Comets leave long beautiful tails when they come close to the sun. What is the relationship between sunlight and these tails?
Comets comprise rock, metallic dust, and the frozen dust of volatile materials. They are like dirty snowballs. When far from the sun, a comet is like a stone rolling around the universe. But when it approaches the sun, the heat evaporates the comet's gases, causing it to emit dust and microparticles (electrons and ions). These materials form a tail whose flow is affected by the sun's radiation pressure.
We can observe two types of comet tail that reflect the light spectrum differently. One is a plasma trail, which draws a straight line like a broomstick. The other is a dust tail, which opens like the bristles on a broom. The plasma tail comprises electrons and ions that are ionized by the sun's ultraviolet radiation. The dust tail consists of micrometer-scale particles. The dust tail is wide and slightly bent because of the pressure of the light from the sun and the orbital action of the comet's nucleus.
"Light pressure" refers to the pressure on the surface of an object when it absorbs or reflects light. Another term is "radiation pressure." This pressure stems from a change in momentum when a photon hits an object and is reflected. The momentum change acts as a pressure (and you will remember that light also acts dynamically). Photons have no mass (weight), but because they have the characteristics of waves, they also have momentum. The force can be quite significant. The radiation pressure of sunlight on one square meter of the earth is as strong as that from accelerating a one-gram object at seven millimeters per second.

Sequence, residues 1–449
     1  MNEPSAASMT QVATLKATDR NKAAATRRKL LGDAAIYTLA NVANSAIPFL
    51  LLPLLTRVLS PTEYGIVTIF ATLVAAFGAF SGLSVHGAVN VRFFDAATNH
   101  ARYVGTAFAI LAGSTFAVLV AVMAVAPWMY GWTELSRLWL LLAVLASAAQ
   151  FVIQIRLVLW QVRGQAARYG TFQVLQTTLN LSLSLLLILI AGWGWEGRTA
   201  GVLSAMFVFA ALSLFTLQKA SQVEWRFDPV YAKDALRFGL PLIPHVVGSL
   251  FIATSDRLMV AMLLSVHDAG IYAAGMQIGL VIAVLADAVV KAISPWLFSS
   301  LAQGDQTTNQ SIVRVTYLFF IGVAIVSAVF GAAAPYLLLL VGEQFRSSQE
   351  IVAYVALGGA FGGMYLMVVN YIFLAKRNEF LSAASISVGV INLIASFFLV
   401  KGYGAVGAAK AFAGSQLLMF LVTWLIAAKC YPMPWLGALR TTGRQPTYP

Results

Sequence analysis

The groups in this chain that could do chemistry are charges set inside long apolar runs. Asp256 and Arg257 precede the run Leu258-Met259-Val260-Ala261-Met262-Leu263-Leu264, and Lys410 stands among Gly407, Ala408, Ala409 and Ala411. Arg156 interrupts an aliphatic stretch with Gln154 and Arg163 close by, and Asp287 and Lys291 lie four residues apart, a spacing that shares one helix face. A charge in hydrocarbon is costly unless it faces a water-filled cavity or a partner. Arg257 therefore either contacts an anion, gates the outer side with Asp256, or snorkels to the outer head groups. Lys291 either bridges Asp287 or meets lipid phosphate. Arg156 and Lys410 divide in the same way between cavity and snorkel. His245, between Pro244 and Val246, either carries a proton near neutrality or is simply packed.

In reality, there is little affect on the earth's surface because of air friction and gravity. But the impact on dust particles in space can be massive. So, the concept has been proposed of fabricating a "photon rocket" that would be propelled using this force.
Let's take a closer look at the relationship between light pressure and space dust. We know that, in the earth's orbit, a small particle (dust) of about 0.1 μm ( 1 μm = one millionth of a meter ) in diameter can move toward the sun through a whirlpool motion caused by light pressure. After around 2,000 years, the particle hits the sun. This is called the Poynting-Robertson Effect. One would think that light pressure would blow space dust far away. Why, then, does it approach the sun? This is because the object is moving, so the direction of the pressure from sunlight is different from the actual direction of the sun. The sun's gravity is stronger than the component of the force trying to repel the dust away from the sun.
We know that that the direction of light from a star in space can seem to be changed because of the earth's rotation and revolution around the sun. This is called "phenomenon aberration." Scientists discovered this phenomenon by observing the difference of directions in which stars appear season by season. The position of a star seemingly changes because of the earth's motion, but the light itself goes directly to the earth. Aberration occurs for the same reason that rain seemingly pours down in front of you when you run, yet is actually dropping vertically. It is also known that angles of aberration can be calculated.